In spite of the difference in the number of samples, we could easily conclude that VNTRs and AFLPs provide congruent results for Xam populations. This is supported by several observations. First, both techniques were able to genetically differentiate the populations of Xam between sampled locations. Second, global clustering patterns were constant in both types of markers. For instance, clustering in distance trees and haplotype networks was clearly defined by the geographical origin of isolates, although AFLPs displayed a better geographical clustering (Figure 3). Third, the distribution of haplotypes from Granada (Meta) was congruent between both techniques used. Both of them displayed Granada haplotypes very distant as shown in the Figure 5. This behavior is in contrast to what was expected. Cultural practices such as crop rotation, which is intensively implemented in this location, should have generated a genetic drift event that could have led to a reduction in pathogen diversity. However, the instability of cassava fields due to intensive crop rotation and the reduced number of plants with CBB symptoms in Granada did not allow the constant tracing of the pathogen in order to explain the attained behavior of these isolates. Fourth, a congruent behavior was also observed for the reference strains, which were almost completely grouped in the distance trees and networks from both analyses (Figures 3,4 and5). This suggests a temporal differentiation of Xam populations, a process that is occurring even in short periods of time, as was evidenced in the recently characterized Caribbean populations and also with populations from the 1990s[9, 16].
There were also contrasting results when analyses from AFLPs and VNTRs were compared. For example, although isolates were clustered according to their geographical origin, the composition of inner clusters changed between techniques. This discrepancy could be explained by the fact that each type of marker evaluates polymorphisms at different scales. AFLPs evaluate differences distributed along the whole genome and those differences must be located in recognition sites for restriction enzymes. Detection of polymorphisms in AFLPs is highly influenced by the combination of restriction enzymes and selective primers used in this technique. In contrast, VNTRs evaluate the variation in restricted genomic areas, where short tandem repeats are located. These repetitive genomic regions promote the Slipped-strand mispairing phenomenon during DNA replication, producing a change in the number of repetitive elements and increasing the mutation rate in a specific locus[21, 45, 46]. In addition, VNTRs could present homoplasy events that could be influencing the clustering process. However, the use of reasonable number of VNTR loci reduces this effect. Because both AFLPs and VNTRs are evolving at different rates and each detects variation at different genomic scales, it is not surprising that the pattern of composition of the inner clusters could differ, as observed at the Figure 3.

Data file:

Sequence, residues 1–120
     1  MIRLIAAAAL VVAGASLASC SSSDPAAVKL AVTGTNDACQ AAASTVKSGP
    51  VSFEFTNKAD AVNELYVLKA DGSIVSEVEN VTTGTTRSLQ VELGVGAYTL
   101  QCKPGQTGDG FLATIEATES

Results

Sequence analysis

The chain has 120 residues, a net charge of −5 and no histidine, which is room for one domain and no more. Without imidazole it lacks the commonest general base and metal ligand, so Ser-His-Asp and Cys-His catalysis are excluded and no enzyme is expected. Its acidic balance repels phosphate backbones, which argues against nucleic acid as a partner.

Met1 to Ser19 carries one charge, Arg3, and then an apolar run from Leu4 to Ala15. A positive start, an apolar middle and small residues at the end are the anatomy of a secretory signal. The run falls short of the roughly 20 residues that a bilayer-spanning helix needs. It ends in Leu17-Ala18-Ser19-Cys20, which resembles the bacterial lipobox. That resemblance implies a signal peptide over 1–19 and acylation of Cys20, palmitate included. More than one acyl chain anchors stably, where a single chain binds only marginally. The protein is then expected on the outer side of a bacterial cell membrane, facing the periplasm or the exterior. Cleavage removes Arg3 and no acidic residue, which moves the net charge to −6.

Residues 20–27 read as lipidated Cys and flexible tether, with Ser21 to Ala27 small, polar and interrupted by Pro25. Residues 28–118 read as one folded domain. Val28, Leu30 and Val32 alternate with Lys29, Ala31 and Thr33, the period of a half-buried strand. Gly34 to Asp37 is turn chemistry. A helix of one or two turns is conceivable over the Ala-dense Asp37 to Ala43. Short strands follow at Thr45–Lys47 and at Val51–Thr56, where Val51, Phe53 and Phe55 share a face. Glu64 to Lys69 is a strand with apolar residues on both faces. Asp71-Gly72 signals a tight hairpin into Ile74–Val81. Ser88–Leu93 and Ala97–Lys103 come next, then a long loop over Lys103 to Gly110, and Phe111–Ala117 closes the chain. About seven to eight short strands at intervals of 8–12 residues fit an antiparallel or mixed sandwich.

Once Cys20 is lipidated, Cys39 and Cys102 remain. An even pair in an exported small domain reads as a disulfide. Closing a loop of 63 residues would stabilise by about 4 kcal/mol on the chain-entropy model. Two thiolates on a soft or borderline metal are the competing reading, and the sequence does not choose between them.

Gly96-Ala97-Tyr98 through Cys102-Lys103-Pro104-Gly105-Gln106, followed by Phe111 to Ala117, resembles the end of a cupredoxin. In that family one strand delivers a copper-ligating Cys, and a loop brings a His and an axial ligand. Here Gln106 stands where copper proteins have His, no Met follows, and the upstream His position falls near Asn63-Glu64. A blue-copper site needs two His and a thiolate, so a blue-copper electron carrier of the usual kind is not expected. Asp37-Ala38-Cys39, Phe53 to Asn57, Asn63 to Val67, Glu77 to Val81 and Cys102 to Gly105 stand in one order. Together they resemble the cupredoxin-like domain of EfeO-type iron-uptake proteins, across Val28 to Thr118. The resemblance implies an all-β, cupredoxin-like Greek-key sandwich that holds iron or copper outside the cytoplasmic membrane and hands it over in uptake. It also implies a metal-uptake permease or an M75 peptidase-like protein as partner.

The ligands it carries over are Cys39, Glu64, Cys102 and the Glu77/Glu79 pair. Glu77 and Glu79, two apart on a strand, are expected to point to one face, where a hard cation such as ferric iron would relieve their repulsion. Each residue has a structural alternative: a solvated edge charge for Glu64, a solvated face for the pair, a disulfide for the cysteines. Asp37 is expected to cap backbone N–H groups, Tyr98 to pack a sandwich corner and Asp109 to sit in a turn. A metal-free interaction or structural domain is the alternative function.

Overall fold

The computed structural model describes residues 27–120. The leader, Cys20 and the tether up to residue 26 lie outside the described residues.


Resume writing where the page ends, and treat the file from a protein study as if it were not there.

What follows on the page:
Additionally, AFLPs and VNTRs showed discrepancies when the optimal number of genetic clusters was estimated. The optimal K clusters for VNTRs (k = 5) was larger than that for AFLPs (k = 2). This finding suggests that VNTRs were able to detect a more detailed structuring of Xam population that was not detected by AFLPs. However, three of the genetic clusters generated by VNTRs presented considerably lower FST indices indicating a high genetic flow among them (Figure 4). These genetic clusters with a high genetic flow could be considered as part of a bigger population when the other molecular marker is implemented. In our case, STRUCTURE could assume that those three genetic clusters with high genetic flow could be encrypted when the clusters were estimated using AFLP markers. On the other hand, although K clusters presented considerable differences in FST values, both techniques confirmed the genetic flow between geographically distant locations, such as La Libertad and Orocué, which are separated by approximately 250 km. This process of genetic flow was also documented between distant locations even when locations were located in very distant regions of Colombia. For example, between the Caribbean and the Eastern Plains regions, there is a geographic distance of more than 500 km[8, 14, 15].
If we compare the current populations from the Caribbean and the Eastern Plains, it is evident that the pathogen is more diverse in the Caribbean. A total of 57 AFLP haplotypes were detected among 160 isolates from the Caribbean region, when using 80% similarity as a threshold.. In the Eastern Plains region, 28 haplotypes were detected among 111 isolates, with haplotype assignment at 80% similarity (data not shown). These observations are in contrast to what was reported for Colombian populations in the nineties, where the pathogen was more diverse in the Eastern Plains than in the Caribbean region[8, 9, 14]. This could be related to the limited number of samples collected in the Eastern Plains because of the low CBB incidence encountered in some of the sampled locations at this region. The decrease in incidence could be explained by the reduction in the area dedicated to cassava cultivation in Meta in recent years.
In contrast to the locations at the Eastern Plains, most of the Caribbean populations did not display a geographically-dependent genetic differentiation. These differences could be a consequence of the mode of cultivation of cassava in the two regions. Cassava cropping in the Caribbean is considerably more intensive and extensive than it is in the Eastern Plains, something that could reduce geographical isolation of Xam populations. In contrast, the geographical differentiation detected at the Eastern Plains populations could also be associated with the fact that growers in Orocué are indigenous people who do not move over large geographical distances. This phenomenon could reduce the exchange of propagative material infected with Xam, hence enhancing genetic differentiation between Eastern Plain locations.